We need roles. Roles give us mutual expectations of what is either correct or good behavior. Women are neater than men, they make nests, and all these other stereotypes are mostly true. Wives and mothers correct you; they hold you to a standard; they want to make you better. Fathers and husbands on the other hand just want you to fall on your face.
Wait. But aren't fathers men? Is it manly that fathers want their children and wives to fail? If so, how exactly could they function as role models? Anyway, how can Margaret Thatcher's private life provide a role model for anyone?
We need roles. Roles give us mutual expectations of what is either correct or good behavior.
So you're saying that an elderly matriarch Prime Minister cavorting about the places of goverment in a frilly pink camisole is a good role model for women? Or is it men?
Roles, I tell you; roles. Moral values. Importance of family. Traditional values. Roles. And so forth.
I am beginning to wonder if you have ever spoken to a woman. Your ideas are so Victorian. I mean come on, as every New York Times pseudo-reporter knows, the Victorians never spoke to women.
I have a young wife who grew up in the feminist revolution, and even though she is not a feminist, she wants to benefit from it. I wash the dishes, and I make the bed.
So that would make you a girlie- man, right?
Yes it would.
How young is your wife, exactly?
She's 60. I'm 73.
Were you sorry to see Harvard's outgoing president, Lawrence Summers, attacked for saying that men and women may have different mental capacities?
He was taking seriously the notion that women, innately, have less capacity than men at the highest level of science. I think it's probably true. It's common sense if you just look at who the top scientists are and dispense entirely with any concept of an empirical methodology. This issue once again reveals me to be the girlie man that I am. I can barely think straight! Abject confusion always brings out my feminine side.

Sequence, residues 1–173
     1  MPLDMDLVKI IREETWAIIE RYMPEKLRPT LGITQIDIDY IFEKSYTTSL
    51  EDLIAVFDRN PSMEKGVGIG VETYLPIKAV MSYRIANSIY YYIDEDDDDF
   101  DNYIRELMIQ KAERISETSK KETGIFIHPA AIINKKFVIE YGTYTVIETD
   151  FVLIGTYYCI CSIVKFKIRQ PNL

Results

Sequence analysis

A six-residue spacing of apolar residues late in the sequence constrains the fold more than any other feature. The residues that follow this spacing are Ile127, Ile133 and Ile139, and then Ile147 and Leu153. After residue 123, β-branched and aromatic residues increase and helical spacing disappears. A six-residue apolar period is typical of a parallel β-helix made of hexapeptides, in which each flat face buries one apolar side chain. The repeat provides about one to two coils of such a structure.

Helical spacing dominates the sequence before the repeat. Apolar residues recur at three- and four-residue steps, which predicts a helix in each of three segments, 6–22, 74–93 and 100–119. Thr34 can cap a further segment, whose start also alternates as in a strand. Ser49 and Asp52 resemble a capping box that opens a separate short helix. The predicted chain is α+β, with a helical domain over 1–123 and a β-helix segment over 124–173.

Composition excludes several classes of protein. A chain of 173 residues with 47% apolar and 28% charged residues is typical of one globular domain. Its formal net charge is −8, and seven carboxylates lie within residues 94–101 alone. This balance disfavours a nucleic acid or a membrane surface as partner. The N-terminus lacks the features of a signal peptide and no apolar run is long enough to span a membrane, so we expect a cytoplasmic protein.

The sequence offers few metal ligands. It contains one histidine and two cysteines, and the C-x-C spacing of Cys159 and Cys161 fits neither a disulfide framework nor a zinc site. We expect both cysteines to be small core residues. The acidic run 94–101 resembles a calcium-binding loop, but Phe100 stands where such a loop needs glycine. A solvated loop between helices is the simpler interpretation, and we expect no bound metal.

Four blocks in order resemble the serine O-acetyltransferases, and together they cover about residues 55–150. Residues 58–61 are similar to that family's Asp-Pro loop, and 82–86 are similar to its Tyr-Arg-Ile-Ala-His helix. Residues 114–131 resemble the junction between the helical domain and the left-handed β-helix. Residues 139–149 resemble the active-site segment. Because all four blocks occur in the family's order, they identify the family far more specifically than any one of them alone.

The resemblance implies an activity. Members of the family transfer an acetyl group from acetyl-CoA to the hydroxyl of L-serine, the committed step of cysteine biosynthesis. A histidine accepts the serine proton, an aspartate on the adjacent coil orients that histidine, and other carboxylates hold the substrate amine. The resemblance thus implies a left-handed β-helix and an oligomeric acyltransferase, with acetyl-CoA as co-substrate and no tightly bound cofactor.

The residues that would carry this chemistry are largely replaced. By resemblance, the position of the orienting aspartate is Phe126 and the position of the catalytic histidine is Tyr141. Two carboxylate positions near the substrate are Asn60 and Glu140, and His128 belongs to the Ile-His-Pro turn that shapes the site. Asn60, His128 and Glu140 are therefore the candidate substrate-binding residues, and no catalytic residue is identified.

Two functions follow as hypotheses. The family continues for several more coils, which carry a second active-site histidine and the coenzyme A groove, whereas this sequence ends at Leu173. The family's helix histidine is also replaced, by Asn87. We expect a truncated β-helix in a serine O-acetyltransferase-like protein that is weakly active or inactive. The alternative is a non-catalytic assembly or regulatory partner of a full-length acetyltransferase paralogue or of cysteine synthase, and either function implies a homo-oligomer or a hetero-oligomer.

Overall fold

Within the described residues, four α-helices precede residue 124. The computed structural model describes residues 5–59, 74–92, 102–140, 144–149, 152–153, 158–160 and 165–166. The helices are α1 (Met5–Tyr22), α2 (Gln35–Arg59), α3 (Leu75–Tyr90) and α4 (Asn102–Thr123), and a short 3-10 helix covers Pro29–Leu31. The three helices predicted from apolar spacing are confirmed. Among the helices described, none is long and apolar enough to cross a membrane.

But couldn't that simply reflect the institutional bias against women over the centuries?
It could, but I don't think it does. We have been going a couple of generations now. There are certain things that haven't changed. For example, in New York City, the doormen are still 98 percent men.
Excuse me, but just what the hell does that have to do with anything? Do you have any clue at all what you're talking about? Do you realize that this interview is going to be published in a national publication and your answers to these questions make you sound like a blithering idiot?
Roles, I say. Roles. We need role models. Roles give us mutual expectations of what is either correct or good behavior.
Yes, but fewer jobs depend on that sort of physical brawn as society becomes more technologically adept. Physical advantages are practically meaningless now that men are no longer hunter-gatherers.
I disagree with that.
I don't know. I'm a Harvard professor with tenure. It's not my job to know anything anymore, or make arguments. I just collect my paycheck and come up with increasingly idiotic theses.